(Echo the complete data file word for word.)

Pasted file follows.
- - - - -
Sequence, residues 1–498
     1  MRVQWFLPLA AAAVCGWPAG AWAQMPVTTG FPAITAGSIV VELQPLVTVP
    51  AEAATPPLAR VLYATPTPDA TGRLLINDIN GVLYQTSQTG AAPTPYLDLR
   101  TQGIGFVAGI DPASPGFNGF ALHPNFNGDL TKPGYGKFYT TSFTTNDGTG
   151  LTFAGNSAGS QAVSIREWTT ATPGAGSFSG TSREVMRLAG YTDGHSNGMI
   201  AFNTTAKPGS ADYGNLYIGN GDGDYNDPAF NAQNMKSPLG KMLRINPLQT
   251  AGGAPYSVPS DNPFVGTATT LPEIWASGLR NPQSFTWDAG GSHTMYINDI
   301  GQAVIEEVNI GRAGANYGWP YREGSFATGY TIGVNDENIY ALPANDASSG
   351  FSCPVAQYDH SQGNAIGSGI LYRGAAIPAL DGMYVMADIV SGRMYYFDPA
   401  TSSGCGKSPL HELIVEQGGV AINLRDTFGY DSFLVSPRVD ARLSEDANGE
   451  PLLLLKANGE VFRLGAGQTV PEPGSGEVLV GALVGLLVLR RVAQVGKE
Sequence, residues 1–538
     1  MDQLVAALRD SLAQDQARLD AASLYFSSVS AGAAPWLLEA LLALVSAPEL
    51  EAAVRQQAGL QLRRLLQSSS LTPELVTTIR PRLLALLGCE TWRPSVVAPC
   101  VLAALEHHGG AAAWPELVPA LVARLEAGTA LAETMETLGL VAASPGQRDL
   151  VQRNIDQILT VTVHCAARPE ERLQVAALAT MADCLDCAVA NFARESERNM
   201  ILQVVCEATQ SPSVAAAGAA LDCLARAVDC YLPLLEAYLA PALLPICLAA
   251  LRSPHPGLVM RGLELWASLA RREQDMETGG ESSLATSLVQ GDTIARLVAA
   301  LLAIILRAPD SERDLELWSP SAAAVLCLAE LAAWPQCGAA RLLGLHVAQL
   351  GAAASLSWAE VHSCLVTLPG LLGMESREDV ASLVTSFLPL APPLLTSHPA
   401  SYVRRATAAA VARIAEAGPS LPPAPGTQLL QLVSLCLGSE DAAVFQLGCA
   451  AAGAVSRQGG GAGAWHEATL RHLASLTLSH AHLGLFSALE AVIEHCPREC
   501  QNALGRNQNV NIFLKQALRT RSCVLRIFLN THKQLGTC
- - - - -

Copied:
Sequence, residues 1–498
     1  MRVQWFLPLA AAAVCGWPAG AWAQMPVTTG FPAITAGSIV VELQPLVTVP
    51  AEAATPPLAR VLYATPTPDA TGRLLINDIN GVLYQTSQTG AAPTPYLDLR
   101  TQGIGFVAGI DPASPGFNGF ALHPNFNGDL TKPGYGKFYT TSFTTNDGTG
   151  LTFAGNSAGS QAVSIREWTT ATPGAGSFSG TSREVMRLAG YTDGHSNGMI
   201  AFNTTAKPGS ADYGNLYIGN GDGDYNDPAF NAQNMKSPLG KMLRINPLQT
   251  AGGAPYSVPS DNPFVGTATT LPEIWASGLR NPQSFTWDAG GSHTMYINDI
   301  GQAVIEEVNI GRAGANYGWP YREGSFATGY TIGVNDENIY ALPANDASSG
   351  FSCPVAQYDH SQGNAIGSGI LYRGAAIPAL DGMYVMADIV SGRMYYFDPA
   401  TSSGCGKSPL HELIVEQGGV AINLRDTFGY DSFLVSPRVD ARLSEDANGE
   451  PLLLLKANGE VFRLGAGQTV PEPGSGEVLV GALVGLLVLR RVAQVGKE
Sequence, residues 1–538
     1  MDQLVAALRD SLAQDQARLD AASLYFSSVS AGAAPWLLEA LLALVSAPEL
    51  EAAVRQQAGL QLRRLLQSSS LTPELVTTIR PRLLALLGCE TWRPSVVAPC
   101  VLAALEHHGG AAAWPELVPA LVARLEAGTA LAETMETLGL VAASPGQRDL
   151  VQRNIDQILT VTVHCAARPE ERLQVAALAT MADCLDCAVA NFARESERNM
   201  ILQVVCEATQ SPSVAAAGAA LDCLARAVDC YLPLLEAYLA PALLPICLAA
   251  LRSPHPGLVM RGLELWASLA RREQDMETGG ESSLATSLVQ GDTIARLVAA
   301  LLAIILRAPD SERDLELWSP SAAAVLCLAE LAAWPQCGAA RLLGLHVAQL
   351  GAAASLSWAE VHSCLVTLPG LLGMESREDV ASLVTSFLPL APPLLTSHPA
   401  SYVRRATAAA VARIAEAGPS LPPAPGTQLL QLVSLCLGSE DAAVFQLGCA
   451  AAGAVSRQGG GAGAWHEATL RHLASLTLSH AHLGLFSALE AVIEHCPREC
   501  QNALGRNQNV NIFLKQALRT RSCVLRIFLN THKQLGTC